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posted by LaminatorX on Wednesday February 26 2014, @12:30PM   Printer-friendly
from the Boot-him?-I-just-met-him! dept.

jbernardo writes:

"Having had several issues with systemd, and really not liking the philosophy behind it, I am looking into alternatives. I really prefer something that follows the Unix philosophy of using small, focused, and independent tools, with a clear interface. Unfortunately, my favourite distro, Arch Linux, is very much pro-systemd, and a discussion of alternatives is liable to get you banned for a month from their forums. There is an effort to support openrc, but it is still in its infancy and without much support.

So, what are the alternatives, besides Gentoo? Preferably binary... I'd rather have something like arch, with quick updates, cutting edge, but I've already used a lot in the past Mandrake, RedHat, SourceMage, Debian, Kubuntu, and so on, so the package format or the package management differences don't scare me."

[ED Note: I'm imagining FreeBSD sitting in the room with the all the Linux distros he mentioned being utterly ignored like Canada in Hetalia.]

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  • (Score: 1) by bluefoxicy on Monday March 10 2014, @11:08PM

    by bluefoxicy (3739) on Monday March 10 2014, @11:08PM (#14352)

    It's just business as usual. Looks like this [], mostly.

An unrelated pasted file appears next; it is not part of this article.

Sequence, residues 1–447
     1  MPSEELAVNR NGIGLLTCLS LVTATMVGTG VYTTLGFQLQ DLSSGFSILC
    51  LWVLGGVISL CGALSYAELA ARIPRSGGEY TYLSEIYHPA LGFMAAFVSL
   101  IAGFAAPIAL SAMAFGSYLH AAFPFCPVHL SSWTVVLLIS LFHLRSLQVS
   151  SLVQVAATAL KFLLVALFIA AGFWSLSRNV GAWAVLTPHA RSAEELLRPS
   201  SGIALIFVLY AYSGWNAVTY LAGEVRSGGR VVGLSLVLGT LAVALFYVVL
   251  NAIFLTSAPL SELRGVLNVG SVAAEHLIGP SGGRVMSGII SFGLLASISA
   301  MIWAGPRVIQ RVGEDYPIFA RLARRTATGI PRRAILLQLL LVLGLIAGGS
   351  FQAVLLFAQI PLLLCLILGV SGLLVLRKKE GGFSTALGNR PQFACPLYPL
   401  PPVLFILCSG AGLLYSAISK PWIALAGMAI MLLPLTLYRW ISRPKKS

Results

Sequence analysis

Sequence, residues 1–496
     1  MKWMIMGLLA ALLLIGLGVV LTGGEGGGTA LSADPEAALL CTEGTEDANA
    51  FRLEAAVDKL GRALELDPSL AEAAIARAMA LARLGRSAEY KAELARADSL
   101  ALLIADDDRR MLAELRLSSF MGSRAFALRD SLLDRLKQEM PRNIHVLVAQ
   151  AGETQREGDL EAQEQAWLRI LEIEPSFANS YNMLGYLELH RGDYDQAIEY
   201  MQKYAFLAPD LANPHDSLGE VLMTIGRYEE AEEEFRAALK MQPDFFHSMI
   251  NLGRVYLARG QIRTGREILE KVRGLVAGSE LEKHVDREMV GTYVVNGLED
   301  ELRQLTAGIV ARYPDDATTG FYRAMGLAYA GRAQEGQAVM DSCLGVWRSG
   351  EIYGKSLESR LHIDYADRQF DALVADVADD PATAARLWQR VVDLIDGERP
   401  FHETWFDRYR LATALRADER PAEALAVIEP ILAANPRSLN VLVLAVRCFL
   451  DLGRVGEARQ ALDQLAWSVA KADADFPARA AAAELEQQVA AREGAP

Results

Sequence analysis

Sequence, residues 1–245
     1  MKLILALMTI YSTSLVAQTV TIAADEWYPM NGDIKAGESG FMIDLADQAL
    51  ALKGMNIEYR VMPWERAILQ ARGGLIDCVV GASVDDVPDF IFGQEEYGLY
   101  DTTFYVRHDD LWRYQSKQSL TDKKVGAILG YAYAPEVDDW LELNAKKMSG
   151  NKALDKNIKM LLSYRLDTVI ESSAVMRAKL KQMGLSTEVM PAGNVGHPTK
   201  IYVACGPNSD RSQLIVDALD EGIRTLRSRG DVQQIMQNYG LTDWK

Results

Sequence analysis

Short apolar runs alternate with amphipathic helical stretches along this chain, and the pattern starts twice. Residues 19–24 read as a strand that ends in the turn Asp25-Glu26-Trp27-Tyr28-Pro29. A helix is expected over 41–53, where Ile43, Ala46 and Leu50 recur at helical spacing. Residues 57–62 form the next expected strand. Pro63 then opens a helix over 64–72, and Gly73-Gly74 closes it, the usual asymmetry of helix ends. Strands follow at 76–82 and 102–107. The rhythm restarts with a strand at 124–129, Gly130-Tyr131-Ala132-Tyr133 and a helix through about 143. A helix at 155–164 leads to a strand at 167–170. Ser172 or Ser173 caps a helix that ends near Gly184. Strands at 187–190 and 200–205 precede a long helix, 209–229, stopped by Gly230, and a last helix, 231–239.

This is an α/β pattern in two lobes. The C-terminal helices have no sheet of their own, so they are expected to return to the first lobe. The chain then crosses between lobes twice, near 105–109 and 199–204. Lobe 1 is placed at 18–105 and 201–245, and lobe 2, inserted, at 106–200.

Look at telecom adoption. look familiar? [] Particularly 2G to 3G, with EDGE being 2G hacked up to run as 3G. But of course this gives a display of return of transmission speed versus engineering effort. If we switched it to cost versus return, the curves would squash vertically but follow the same pattern--they'd look similar to the above--because businesses won't output more money for a lower return.

    The theoretical curve applies more to open source software than business: engineering effort versus useful output is essentially the only meter used for building something you're giving away for free. You don't need a business case when your only motivation is "make this better"; instead, you put in the least effort to get the most improvement until you hit diminishing returns, and then somebody starts hammering out something brand new that comes around not quite working well until it's had the bugs worked out. That's more likely to follow the theoretical curve--unless somebody realizes, "Hey guys, we've been doing this jackass wrong all this time," and a new technique quickly emerges as a disruptive technology.